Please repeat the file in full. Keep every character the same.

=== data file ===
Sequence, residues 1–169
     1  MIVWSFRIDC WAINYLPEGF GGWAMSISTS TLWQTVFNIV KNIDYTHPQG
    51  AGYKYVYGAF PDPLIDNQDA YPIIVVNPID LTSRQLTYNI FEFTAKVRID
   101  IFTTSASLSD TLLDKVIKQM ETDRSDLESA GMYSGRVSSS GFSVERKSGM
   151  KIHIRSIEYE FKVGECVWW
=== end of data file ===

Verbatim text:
Sequence, residues 1–169
     1  MIVWSFRIDC WAINYLPEGF GGWAMSISTS TLWQTVFNIV KNIDYTHPQG
    51  AGYKYVYGAF PDPLIDNQDA YPIIVVNPID LTSRQLTYNI FEFTAKVRID
   101  IFTTSASLSD TLLDKVIKQM ETDRSDLESA GMYSGRVSSS GFSVERKSGM
   151  KIHIRSIEYE FKVGECVWW